Like many of us, Kristin Wagner has been on a lot of “pandemic walks” over the past few years.
Wagner, who helped found seven-person dance collective The Click in 2021, came up with the idea for the band’s first project after scouring a QR code-based installation project along the Mystic River the same year. “Emotive Land” by The Click uses a new app to combine technology and dance for an interactive tour of the Charles River.
The final product will be available to the public from October 1 to November 30 in the Kendall Square canal area of Cambridge, and will kick off with a free one-hour live performance by The Click dancers.
For “Emotive Land”, Wagner enlisted his brother-in-law James Peerless, a software engineer, to help create the app that visitors can use to view “Emotive Land”. The app guides users to eight marked locations along the Charles River – a segment of the river’s floating wetlands, for one, and a corner of the boardwalk.
Once visitors reach a highlighted location, the app prompts them to hold their camera and then plays a movie featuring a dance specially designed to fit each location. The app uses augmented reality technology to overlay green screen dance footage on the actual location where viewers are.
Peerless explained that the app “allows a new way to experience those performances with much more flexibility.” “You don’t have to be there at any particular time, and you don’t have to pay for a ticket,” he said. “Anyone who has the app can go to this place and walk along the Charles River and watch these performances.”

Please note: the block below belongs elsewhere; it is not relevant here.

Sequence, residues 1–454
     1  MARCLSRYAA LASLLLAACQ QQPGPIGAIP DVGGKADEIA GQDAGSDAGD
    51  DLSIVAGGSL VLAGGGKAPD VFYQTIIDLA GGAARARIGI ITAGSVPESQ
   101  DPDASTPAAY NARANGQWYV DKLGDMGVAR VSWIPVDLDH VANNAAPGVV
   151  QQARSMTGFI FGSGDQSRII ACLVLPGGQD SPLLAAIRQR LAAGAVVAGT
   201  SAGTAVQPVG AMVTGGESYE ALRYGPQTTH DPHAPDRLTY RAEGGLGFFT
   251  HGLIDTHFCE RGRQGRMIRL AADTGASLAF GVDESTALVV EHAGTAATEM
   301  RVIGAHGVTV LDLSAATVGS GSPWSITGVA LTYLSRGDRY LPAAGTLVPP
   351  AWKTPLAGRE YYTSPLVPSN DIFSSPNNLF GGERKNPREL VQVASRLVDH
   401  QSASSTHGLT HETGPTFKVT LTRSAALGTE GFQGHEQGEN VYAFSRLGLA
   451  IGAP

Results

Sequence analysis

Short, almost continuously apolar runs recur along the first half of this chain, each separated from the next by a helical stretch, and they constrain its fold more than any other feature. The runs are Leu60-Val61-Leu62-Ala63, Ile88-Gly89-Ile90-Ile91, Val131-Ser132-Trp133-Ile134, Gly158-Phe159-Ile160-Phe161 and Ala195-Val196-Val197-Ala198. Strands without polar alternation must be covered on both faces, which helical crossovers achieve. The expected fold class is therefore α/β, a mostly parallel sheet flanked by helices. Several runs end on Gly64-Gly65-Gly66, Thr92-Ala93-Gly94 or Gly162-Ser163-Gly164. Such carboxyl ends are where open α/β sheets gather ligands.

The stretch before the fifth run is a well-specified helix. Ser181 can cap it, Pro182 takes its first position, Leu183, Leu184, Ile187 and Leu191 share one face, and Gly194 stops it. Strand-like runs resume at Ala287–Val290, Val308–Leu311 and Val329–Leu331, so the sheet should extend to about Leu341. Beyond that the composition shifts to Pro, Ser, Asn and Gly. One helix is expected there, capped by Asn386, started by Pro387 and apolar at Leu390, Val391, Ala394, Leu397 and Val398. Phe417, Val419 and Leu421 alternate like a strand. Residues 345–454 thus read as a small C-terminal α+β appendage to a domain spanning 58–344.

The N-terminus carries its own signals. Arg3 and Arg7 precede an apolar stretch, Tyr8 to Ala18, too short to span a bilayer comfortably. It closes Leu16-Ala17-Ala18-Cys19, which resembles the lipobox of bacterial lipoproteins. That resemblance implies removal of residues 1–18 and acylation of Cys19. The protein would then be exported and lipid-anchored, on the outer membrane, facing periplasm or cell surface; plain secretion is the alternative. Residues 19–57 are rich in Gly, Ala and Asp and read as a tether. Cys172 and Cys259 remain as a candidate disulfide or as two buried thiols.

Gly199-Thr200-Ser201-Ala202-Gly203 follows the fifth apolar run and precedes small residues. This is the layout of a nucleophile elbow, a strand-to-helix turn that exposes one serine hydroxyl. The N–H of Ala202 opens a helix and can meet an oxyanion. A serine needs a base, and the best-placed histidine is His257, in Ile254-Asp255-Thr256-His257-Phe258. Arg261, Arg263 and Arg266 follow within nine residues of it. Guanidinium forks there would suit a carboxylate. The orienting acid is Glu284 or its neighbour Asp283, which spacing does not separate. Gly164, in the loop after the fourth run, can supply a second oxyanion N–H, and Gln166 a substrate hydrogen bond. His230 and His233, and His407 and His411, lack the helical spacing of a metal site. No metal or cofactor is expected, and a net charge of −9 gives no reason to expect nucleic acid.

Lonnie Stanton, chief curator and choreographer of the project, is eager to bring more people access to the dance that takes place outdoors and in nature. He’s the kind of person who will see a traditional show on stage and wonder “what if I see this amazing ballerina [dancing] on a bench?”
Due to the pandemic, “we’re getting used to seeing more dancing outside — for me, that’s exciting,” Stanton explained. Much of her choreography is “all about the tension,” she said: between nature and man-made industrialization, or between technology and embodiment. She staged duets back and forth in a weedy overcrowded industrial building or on a side of the promenade filled with discarded trash.
“Vines and things growing between fences in an urban setting are beautiful to me and show the forces and power of nature and how they will persist,” Stanton explained.
Wagner is sensitive to the tension between the deeply physical art form of dance and virtual technology.
“There’s so much that can’t be experienced and felt through a screen in my opinion, and just knowing the power of live performance, I hope that’s never taken away from us,” Wagner said. “I don’t want to lose this thing that I love,” she said of the dance, “but I think you’re just as likely to lose something if you don’t change too.”
Through this project, she works to find “harmony” between loving live performance and adapting to the digital age. The central question of “Emotive Land” seems to be, as she put it, “How do we prioritize both ‘live dance and technology,’ instead of one or the other?”
The click is live the outdoor performance will take place at 15 Broad Canal Way in Cambridge on October 1 at 1 p.m., with a rain date at 1 p.m. on October 2. The free “Emotive Land” application will be accessible via www.theclickboston.comand the Apple App and Google Play stores on October 1. .
Joy Ashford can be contacted at firstname.lastname@example.org. Follow them on Twitter @joy_ashford.
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